"When the said scheme has been approved by the Commissioners with or without modification, it shall he the duty of the company to carry the same into effect,"
If that was the considered instruction of the House of Commons for private companies—and, despite all the criticism from the other side under which private companies lay, apparently it was thought sufficient—why impose upon this public company this burdensome, cumbersome and delaying procedure? I cannot understand it. It is another example of the excess of zeal on the part of the Scottish Office to load this wretched Board with instructions, delays, red tape and bureaucracy. On the same principle as that which underlies all my other objections, I object to this system and ask my right hon. Friend to reconsider it.

I regret to say that I am not acquainted with the situation in East Anglia or with the terms of the Act which applies there, but the general Act which applies all over the country is much more elaborate than my hon. Friend's citation. Indeed, it is more and not less elaborate than the procedure in this Bill. We have simplified the general law here, and not expanded it. The general law under the 1919 Act is that a special order for distribution is made by the Electricity Commissioners, confirmed by the Minister of Fuel and Power, and then submitted to Parliament. There is a provision in that code for local inquiries, and in certain cases an inquiry is obligatory. There is certainly nothing more elaborate here than there is in the existing general code. I would say further, in justification of the seeming elaborateness of this Clause, that it raises questions of great public importance. It is obvious from a number of the speeches made yesterday that the question of distribution in some remote areas arouses great interest both inside and outside this Chamber, and it seems right therefore that when there is a proposal affecting some remote part of the country that the House of Commons should become aware of it, and should be entitled to make its comments.

Surely my right hon. and learned Friend is not right in that. This scheme will not come before the House of Commons. It is the construction scheme which comes to the House of Commons, but this relates only to a distribution scheme.

It has to be inquired into and passed by the Secretary of State, who would very soon hear about it in the House of Commons if he did anything wrong. The House of Commons, therefore, because of the Secretary of State being brought into the picture, has an indirect control which ought to be preserved. I submit that there should be opportunities, not only for members of the public, but for Members of Parliament, to make their views felt.

I do not think my right hon. and learned Friend quite appreciates the position. First, he seems to suggest that the case which I mentioned is exceptional. It is nothing of the kind. I can give him other cases, and I could find still more, if I took time to look them up in the Library.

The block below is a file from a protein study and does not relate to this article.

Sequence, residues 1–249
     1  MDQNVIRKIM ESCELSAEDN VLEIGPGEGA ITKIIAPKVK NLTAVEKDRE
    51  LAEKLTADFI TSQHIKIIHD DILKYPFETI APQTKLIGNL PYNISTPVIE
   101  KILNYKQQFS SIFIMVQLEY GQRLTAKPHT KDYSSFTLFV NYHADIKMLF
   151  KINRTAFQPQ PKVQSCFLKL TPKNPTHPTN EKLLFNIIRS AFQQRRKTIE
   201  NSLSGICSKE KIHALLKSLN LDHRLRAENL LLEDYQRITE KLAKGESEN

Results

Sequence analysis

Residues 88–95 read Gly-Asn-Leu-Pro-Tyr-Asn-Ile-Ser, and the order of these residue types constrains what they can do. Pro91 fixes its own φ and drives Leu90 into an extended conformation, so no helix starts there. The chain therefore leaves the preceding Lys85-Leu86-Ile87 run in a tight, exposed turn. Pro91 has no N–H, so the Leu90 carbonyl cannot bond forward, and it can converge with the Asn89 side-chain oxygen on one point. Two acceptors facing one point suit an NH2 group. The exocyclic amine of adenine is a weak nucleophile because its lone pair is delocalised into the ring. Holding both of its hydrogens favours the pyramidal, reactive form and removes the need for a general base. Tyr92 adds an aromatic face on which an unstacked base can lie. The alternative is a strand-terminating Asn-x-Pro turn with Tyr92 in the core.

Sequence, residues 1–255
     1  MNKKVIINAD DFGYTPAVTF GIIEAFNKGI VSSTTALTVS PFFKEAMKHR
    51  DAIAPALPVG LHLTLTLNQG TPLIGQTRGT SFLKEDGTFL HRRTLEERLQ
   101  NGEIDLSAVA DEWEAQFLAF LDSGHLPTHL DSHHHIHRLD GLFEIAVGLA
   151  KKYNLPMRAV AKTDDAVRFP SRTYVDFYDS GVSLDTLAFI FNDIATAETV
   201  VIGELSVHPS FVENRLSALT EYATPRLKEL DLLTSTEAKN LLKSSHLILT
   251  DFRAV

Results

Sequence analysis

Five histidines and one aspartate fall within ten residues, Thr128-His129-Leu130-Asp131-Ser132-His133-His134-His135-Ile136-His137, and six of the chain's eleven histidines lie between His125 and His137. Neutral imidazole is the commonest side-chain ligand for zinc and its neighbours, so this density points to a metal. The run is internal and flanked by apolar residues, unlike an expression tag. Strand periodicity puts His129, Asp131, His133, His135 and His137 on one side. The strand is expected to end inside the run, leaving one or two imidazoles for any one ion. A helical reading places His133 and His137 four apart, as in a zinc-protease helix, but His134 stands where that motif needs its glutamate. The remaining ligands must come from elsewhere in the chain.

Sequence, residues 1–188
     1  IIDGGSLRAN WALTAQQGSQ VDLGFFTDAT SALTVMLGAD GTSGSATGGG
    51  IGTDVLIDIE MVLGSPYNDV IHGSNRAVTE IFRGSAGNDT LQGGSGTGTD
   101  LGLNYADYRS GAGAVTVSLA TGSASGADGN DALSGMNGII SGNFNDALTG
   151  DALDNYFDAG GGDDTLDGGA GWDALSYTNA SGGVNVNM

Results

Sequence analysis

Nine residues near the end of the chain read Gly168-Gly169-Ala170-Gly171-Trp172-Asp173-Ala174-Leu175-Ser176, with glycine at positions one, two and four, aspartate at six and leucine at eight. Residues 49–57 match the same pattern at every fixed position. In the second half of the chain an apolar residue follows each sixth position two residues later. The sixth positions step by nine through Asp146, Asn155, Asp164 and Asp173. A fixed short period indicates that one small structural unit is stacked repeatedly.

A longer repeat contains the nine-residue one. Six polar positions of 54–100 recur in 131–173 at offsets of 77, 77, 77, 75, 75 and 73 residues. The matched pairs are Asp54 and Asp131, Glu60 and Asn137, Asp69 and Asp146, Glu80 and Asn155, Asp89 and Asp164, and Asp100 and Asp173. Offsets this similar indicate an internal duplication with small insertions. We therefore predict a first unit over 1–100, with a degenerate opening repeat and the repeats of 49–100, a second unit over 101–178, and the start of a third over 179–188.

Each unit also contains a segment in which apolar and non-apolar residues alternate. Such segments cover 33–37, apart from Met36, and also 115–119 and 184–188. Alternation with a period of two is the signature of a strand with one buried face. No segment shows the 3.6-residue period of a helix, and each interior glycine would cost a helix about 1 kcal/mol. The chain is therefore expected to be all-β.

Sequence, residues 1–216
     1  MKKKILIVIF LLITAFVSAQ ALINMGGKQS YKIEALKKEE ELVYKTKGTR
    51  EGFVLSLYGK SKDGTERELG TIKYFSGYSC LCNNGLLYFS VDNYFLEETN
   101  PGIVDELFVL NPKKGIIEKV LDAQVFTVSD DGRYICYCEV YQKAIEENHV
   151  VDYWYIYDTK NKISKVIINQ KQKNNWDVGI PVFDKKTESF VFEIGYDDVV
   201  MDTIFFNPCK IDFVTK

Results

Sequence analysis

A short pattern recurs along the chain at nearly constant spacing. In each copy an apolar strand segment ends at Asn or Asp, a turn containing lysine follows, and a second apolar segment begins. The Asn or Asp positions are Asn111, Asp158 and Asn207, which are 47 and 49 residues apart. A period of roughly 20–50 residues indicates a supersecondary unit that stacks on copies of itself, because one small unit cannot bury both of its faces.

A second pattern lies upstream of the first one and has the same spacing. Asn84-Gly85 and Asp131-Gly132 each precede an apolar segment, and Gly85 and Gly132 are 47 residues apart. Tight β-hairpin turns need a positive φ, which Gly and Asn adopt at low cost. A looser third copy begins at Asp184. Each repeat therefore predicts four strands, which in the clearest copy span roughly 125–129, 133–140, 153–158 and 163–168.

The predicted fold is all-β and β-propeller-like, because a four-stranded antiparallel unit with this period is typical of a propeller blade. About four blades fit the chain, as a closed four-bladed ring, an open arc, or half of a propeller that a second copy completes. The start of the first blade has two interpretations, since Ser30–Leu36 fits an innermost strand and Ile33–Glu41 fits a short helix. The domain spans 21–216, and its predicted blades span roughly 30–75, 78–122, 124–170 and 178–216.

Perhaps the hon. Member will do me the courtesy of allowing me to finish what I have to say. I can give the example of the Cleveland and District Act, 1928, the East Anglia Act, 1927, Section 28, the Wessex Act, 1927, Section 21, and there are others. The Lord Advocate refers me to the Act of 1919. We have advanced since 1919. By 1927 the House of Commons had conceived a shorter, neater, quicker method of doing these things. My right hon. and learned Friend suggests that we ought to go back to the old cumbersome method of 20 years ago. Really, I cannot understand what I may call the Conservative view on these matters which my right hon. Friends represent.

I did not interrupt hon. Members opposite yesterday. We listened with great patience to speeches, many of which we thought were miles beyond the point and quite unjustified, and one would hope that they would, at least, give us a chance of putting a point of substance directly attached to the Bill.

My right hon. and learned Friend says that these schemes will be of considerable importance, and I do not deny that. Of course it will be of importance if a village is to get a supply of electricity. But those other Acts to which I have referred dealt with much larger populations than are concerned here and with a greater body of public opinion, and apparently those concerned were perfectly satisfied that the method of informing the local authorities gave them all the notice they required. No suggestion has come to me from the Highlands that they want the cumbersome method proposed in the Bill. It has never been put to me that anybody is going to raise a great noise about this business of running a line along this street or that street in a town and I would beg of my right hon. Friend to reconsider this matter in view of the precedents I have indicated.

I will certainly undertake to have a look at those three Acts to which my hon. Friend has referred and which are new to me. Perhaps I am not to blame in that respect, because they are English and not Scottish Acts. If they suggest any new or better scheme to us we will look into it.

Question, "That the Clause, as amended, stand part of the Bill," put, and agreed to.

Clause 7 ordered to stand part of the Bill.